On September 5, 2017, President Trump announced that the Deferred Action for Childhood Arrivals (DACA) program will be ending. This impacts almost 800,000 young people who entered the U.S. before age 16 who had temporary protection from deportation and work authorization. While Congress may act and pass a permanent protection for Dreamers, here is what you need to know right now:
- If You Do Not Have DACA or a DACA Application Pending. You cannot apply. The program has been terminated and new applications are no longer being accepted by USCIS.
- If You Have DACA That Expires on or Before March 5, 2018. If you have DACA and a work permit that expires on or before March 5, 2018, you can apply for a 2-year renewal, but your application must be received on or before October 5, 2017.
- If You Have DACA That Expires After March 5, 2018. If your DACA and work permit expire after March 5, 2018, you are not eligible for an extension and your DACA, work authorization, and protection from deportation will expire on the date shown on your DACA approval notice and work permit.
- If You Have a DACA Application Pending. If you have a DACA application that was received at USCIS on or before September 5, 2017, your application will continue to be processed.
- If You Have DACA and a Valid Advance Parole Travel Document. If you have DACA and have a currently valid advance parole document, you may still use the document to travel and return to the U.S. as long as you return BEFORE the document expires. However, even with a valid travel document, CBP can still refuse to let you in. Before you travel, speak to a qualified immigration lawyer.
- If You Have an Advance Parole Travel Document Application Pending. USCIS will no longer process or approve applications for advance parole for DACA recipients. If you have an application for DACA-based advance parole pending as of September 5, 2017, USCIS will close the application and return the filing fees to you.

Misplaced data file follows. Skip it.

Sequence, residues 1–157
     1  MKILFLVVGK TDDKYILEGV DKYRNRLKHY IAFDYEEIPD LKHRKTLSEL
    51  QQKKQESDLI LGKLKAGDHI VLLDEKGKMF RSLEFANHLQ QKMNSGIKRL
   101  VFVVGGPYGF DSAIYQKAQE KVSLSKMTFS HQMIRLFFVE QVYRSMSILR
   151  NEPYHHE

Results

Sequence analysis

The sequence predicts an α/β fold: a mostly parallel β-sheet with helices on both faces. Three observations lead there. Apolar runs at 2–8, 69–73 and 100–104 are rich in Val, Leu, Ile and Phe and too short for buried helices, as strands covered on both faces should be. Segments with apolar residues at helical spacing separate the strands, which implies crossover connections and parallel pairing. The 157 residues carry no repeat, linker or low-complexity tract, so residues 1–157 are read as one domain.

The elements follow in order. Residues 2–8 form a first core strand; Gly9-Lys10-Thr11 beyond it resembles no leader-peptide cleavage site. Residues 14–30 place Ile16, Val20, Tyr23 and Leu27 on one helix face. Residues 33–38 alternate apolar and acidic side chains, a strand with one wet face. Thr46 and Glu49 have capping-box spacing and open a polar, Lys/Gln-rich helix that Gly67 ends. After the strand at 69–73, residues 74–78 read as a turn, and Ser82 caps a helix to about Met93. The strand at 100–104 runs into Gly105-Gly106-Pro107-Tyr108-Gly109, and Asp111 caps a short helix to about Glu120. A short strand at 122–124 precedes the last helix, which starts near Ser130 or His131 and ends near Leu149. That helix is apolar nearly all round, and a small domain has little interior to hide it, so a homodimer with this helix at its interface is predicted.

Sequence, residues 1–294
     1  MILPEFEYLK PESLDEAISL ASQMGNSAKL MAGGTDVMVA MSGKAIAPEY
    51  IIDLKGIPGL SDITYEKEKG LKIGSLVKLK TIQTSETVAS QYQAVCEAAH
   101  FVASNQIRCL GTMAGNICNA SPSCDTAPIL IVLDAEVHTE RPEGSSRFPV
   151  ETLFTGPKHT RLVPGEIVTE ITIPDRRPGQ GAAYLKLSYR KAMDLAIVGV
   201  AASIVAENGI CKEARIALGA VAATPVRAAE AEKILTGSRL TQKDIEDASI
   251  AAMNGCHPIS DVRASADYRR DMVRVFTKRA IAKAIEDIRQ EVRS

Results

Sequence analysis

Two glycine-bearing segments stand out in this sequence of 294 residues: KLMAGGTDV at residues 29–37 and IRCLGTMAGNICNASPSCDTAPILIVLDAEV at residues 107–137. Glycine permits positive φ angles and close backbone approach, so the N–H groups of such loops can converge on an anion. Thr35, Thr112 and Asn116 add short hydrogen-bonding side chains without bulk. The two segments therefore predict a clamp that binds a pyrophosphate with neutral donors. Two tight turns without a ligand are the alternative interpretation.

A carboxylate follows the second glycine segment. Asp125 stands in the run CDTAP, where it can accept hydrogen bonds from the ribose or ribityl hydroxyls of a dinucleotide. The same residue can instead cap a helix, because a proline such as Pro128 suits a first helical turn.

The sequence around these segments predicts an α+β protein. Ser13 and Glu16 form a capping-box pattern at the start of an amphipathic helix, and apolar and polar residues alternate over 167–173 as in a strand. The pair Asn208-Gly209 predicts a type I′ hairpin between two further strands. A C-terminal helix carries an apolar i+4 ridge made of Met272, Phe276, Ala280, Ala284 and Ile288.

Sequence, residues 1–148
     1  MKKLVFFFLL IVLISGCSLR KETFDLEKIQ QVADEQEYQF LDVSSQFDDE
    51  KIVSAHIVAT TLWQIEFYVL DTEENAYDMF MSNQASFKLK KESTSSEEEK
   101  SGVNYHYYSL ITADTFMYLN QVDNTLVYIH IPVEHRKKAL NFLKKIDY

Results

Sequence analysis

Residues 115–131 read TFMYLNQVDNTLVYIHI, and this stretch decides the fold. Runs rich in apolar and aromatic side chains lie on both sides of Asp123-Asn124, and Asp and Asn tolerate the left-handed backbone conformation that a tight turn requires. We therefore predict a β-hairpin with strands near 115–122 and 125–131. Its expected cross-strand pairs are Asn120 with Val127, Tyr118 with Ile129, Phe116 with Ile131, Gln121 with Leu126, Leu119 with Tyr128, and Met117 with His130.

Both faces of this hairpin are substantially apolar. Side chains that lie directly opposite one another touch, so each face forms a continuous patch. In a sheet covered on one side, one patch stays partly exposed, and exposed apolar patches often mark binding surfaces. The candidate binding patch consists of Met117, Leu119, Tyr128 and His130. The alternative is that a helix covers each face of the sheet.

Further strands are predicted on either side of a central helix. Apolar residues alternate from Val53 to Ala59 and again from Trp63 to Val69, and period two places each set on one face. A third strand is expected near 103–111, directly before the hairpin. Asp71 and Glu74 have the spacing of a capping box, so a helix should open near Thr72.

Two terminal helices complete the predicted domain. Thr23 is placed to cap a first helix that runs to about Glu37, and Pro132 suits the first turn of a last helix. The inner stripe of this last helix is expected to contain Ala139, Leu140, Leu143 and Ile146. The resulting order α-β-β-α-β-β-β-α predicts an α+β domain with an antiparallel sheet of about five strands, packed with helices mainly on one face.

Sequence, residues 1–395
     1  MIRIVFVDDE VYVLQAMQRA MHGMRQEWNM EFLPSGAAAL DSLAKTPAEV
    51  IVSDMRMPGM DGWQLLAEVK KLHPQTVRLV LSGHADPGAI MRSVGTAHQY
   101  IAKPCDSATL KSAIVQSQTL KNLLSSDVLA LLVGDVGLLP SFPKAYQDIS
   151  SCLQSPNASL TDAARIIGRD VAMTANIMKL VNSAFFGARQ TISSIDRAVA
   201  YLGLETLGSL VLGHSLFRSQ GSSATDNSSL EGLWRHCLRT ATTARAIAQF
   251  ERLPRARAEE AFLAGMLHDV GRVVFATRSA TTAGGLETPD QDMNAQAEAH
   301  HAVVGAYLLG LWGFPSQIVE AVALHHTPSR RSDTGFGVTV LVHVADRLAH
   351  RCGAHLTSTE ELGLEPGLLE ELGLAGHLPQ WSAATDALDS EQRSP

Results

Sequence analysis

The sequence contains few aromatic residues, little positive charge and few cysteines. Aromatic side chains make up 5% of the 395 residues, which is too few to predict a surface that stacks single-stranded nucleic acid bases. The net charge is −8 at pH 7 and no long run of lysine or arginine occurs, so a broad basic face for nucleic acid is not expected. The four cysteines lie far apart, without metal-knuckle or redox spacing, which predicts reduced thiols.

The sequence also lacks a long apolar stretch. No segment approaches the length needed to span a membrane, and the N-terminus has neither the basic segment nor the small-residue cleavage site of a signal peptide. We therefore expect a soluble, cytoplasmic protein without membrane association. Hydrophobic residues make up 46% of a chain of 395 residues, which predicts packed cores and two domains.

- Your DACA Can Be Terminated at Any Time. Even with valid DACA and a valid work permit, the government can terminate your DACA and work permit at any time if it believes you are no longer eligible or for any other reason.
- Talk to a Lawyer. Talk to an immigration lawyer as soon as possible. You may be eligible for another type of status. Members of the American Immigration Lawyers Association (AILA) report that up to 30% of people screened for DACA were eligible for something better and more permanent. Before making any decisions which could impact your future status, speak to a lawyer.
- Do Not Talk to a Notario. Notarios are not lawyers and are not trained to fully understand the complex U.S. immigration system. Some notarios will take your money and give you bad advice. Protect yourself and your family by trusting a qualified immigration lawyer with your legal decisions.
- Don't Give Up. AILA stands with Dreamers and we are fighting for you. Congress can pass a bill to offer a permanent way for those with DACA to stay in the United States. Tell Congress to stand up for Dreamers!
AILA (The American Immigration Lawyers Association) is the national association of immigration lawyers established to promote justice, advocate for fair and reasonable immigration law and policy, advance the quality of immigration and nationality law and practice, and enhance the professional development of its members.